Thursday, November 24, 2011

Cisco ISP Failover IP SLA Configuration Example

On some Cisco routers there is the command IP SLA and on other routers it is IP SLA MONITOR. Without going into the reasons for the differences including IOS features and versions, this post will focus and show a working example of IP SLA. To view a similar post containing IP SLA MONITOR please visit the following link:

IP SLA Monitor Example for Fail-over Survivability of ISP .

That post will contain a similar configuration example to the following that uses the ip sla monitor configuration to accomplish the same task of redundancy/failover of an ISP link. Also similar to this post is that the primary interface or ISP for a custom application is a T! and the redundant or failover ISP is a DSL.

Configure ASA to allow traceroute responses

Below is a configuration example for IS SLA (no monitor in the command line interface):

Cisco IP SLA example configuration (not IP SLA MONITOR) also uses a track list and boolean operator condition. This was a working configuration so the IP addresses have been modified . The remote office this configuraiton was used for has a T1 connection to the internet (a "legacy" T1) and a DSL directly attached to the router. The interface for the T1 was 0/3/0:0.1 and the DSL was GigabitEthernet 0/1. they wanted a custome application to use the T1 exclusively but in case there was a T1 internet access failure, they wanted to ustilize the DSl as a failover. The custom application was cirtical to the business. The idea was simple, if the T1 fails, use the DSL for the custom applciation to connect to an online database source and server. There are some other mitigating factores that made this IP SLA configuration a little more challenging but I will not go into it at this time. It is not relevent actually to the commands used. The relevance came in to play in regards to what interfaces were to be used for sourcing the icmp ping used in the ip sla monitor. It is also the reaso nthe line-code tracker in combination with the bollean operator and track list.

There are two tracker objects in a tracker list. The list uses a boolean AND,

track 10 ip sla 20 reachability --> a ping to a target ip address for which there is ONLY a single static route to use the T1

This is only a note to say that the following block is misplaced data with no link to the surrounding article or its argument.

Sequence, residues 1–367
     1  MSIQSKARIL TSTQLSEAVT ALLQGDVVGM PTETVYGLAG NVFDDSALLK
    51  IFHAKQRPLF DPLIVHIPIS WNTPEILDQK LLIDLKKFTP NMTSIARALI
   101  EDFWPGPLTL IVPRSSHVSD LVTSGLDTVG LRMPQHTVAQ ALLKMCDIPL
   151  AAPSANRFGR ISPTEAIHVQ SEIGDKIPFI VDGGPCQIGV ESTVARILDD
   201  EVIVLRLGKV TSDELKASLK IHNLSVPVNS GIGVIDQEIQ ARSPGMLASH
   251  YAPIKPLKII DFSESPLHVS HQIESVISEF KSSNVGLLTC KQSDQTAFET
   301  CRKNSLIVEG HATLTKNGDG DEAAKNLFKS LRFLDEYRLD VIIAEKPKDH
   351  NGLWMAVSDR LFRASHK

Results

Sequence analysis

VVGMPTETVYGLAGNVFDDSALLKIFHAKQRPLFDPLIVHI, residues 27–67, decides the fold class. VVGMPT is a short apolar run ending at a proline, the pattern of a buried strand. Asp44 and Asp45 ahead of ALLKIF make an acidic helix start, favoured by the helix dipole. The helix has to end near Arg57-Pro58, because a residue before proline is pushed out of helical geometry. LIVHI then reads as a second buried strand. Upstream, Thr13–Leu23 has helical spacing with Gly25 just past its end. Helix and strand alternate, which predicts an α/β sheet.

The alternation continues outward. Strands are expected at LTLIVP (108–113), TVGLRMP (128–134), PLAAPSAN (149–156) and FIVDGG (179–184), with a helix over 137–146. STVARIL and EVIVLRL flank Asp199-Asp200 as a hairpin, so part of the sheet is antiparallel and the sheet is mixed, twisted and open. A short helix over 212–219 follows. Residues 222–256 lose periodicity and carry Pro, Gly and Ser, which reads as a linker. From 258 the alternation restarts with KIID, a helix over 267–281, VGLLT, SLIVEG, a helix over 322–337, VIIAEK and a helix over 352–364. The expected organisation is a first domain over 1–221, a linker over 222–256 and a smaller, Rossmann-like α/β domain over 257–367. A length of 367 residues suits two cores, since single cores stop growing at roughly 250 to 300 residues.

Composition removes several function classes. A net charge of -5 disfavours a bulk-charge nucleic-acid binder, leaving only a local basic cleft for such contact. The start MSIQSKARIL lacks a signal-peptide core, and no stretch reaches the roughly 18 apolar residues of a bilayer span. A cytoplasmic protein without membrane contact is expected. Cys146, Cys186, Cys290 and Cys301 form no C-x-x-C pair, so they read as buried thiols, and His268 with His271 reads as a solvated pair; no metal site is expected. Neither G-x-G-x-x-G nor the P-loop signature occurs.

track 11 interface Serial0/1/0:0 line-protocol --> Interface status

track 20 list boolean and --> boolean AND, two both conditions have to be met , almost seems redundant but TAC did this on another remote office router

object 10 --> tracker 10 shown above
object 11 --> tracker 11 shown above

ip route track 20 --> tracked main route
ip route 100 --> alternate route is used if T1 is down

ip sla 20 --> referenced in tracker 10

type echo protocol ipIcmpEcho source-interface GigabitEthernet0/0 --> had to use the interface as source, using the ip address did not work. This is the "inside" interface . Yes, I know "inside" is more (another

bug, perhaps) , there is a static route that says anny traffic for use the T1 interface. so if there is a problem with the T1 the pings will time out.

timeout 1000 --> max ping reply time allowed in milliseconds
threshold 2
tag 20
frequency 5 --> status is checked every five seconds

ip sla monitor schedule 20 life forever start-time now --> scheduler for monitor 20

Cisco IP SLA Example for ISP failover

Some Cisco routers have IP SLA without the command option of monitor and other Cisco routers have IP SLA MONITOR. The configurations vary slightly, just enough to throw you off just a little.
Another simple article (or post) on a tech support for computers, servers, and routers blog site. It describes an example of how IP SLA was used for redundancy and how fears of asyncronous routing were dismissed. From what I have seen and found, support for ip sla monitor started at about the 12.3 release of Cisco's IOS for routers. The two connections or paths to a destination or the internet as it is most often used for, don't even have to be directly connected to the router.